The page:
As a result, the team was banned for two races that year. It was relatively light as they barely escaped a season ban.
4. 2009 Australian GP
During the season opener, Lewis Hamilton was embroiled in a controversy, dubbed ‘Liegate’. Near the end of the race, Jarno Trulli went for an off-track excursion while under safety car conditions. Hamilton promptly passed the Italian and moved to third. According to audio recordings, Hamilton asked his team if he should let Trulli retake third, which they agreed to.
When Trulli tried to take back the position, he was penalized for passing while under caution. During post-race inspection, Hamilton said that he had received no orders to allow Trulli to pass. indicating the move had been illegal. Trulli’s explanation of the incident was: “When the safety car came out towards the end of the race Lewis Hamilton passed me but soon after he suddenly slowed down and pulled over to the side of the road. I thought he had a problem so I overtook him as there was nothing else I could do.”
5. 2007 F1 Season
Infamously dubbed ‘Spygate’, In 2007, Ferrari chief mechanic Nigel Stepney allegedly handed over a substantial amount of technical information concerning his team’s cars, plans and finances to McLaren. McLaren’s chief designer Michael Coughlan had his wife drop the pile of documents off at a shop to be scanned onto a CD. It all went downhill from there with McLaren receiving all sorts of penalties, a record $100 million fine and all their points stripped off them. The intra-team duel between Alonso and Hamilton didn’t help their case either.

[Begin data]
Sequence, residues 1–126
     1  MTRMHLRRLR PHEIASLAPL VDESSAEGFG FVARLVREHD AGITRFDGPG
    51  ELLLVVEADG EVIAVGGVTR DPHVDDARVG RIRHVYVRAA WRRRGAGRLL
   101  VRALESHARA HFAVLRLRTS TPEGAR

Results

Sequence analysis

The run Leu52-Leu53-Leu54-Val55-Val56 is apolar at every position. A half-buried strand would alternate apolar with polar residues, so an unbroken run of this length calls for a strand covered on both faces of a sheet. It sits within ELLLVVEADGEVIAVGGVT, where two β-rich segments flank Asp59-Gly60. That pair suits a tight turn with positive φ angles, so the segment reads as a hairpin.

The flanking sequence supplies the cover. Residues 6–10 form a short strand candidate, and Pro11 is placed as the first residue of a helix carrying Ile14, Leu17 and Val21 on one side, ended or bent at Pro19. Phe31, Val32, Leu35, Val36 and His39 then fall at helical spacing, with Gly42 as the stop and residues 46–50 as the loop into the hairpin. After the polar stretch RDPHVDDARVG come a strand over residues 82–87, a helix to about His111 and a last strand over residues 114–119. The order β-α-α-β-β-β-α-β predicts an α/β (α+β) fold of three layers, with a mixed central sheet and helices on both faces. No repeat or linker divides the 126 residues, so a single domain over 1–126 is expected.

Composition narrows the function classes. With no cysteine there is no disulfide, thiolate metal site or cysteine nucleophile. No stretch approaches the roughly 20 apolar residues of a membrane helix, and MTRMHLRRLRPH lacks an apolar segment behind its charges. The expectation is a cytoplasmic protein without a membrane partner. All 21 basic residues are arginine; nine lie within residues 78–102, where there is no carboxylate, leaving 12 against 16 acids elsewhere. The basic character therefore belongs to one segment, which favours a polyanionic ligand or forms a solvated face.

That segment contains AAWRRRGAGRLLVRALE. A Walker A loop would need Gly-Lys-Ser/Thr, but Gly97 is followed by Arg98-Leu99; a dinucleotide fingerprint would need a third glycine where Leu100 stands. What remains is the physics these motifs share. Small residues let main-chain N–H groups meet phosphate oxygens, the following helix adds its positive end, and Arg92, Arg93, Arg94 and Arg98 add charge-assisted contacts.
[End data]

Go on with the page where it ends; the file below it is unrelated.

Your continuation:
6. 1994 F1 Season
During that year, there were several rules in place to prevent teams from gaining an advantage. One of those rules was the ban of traction control, in an effort to test the skill of the drivers. However, cheating allegations were thrown during the first round of the 1994 season. On lap 21 of the Brazilian GP, Ayrton Senna’s Williams pitted from the lead, with Michael Schumacher’s Benetton following him. Interestingly, the Benetton team’s pit crew made a very quick stop for Schumacher. Schumacher went on to win the Grand Prix and this sparked speculation that Benetton were using a system to make quicker pit stops.
Later on, Ferrari test driver Nicola Larini leaked to the Italian media that he had used traction control during the practice session for the race. Ferrari and Larini later denied the claims to the worldwide press.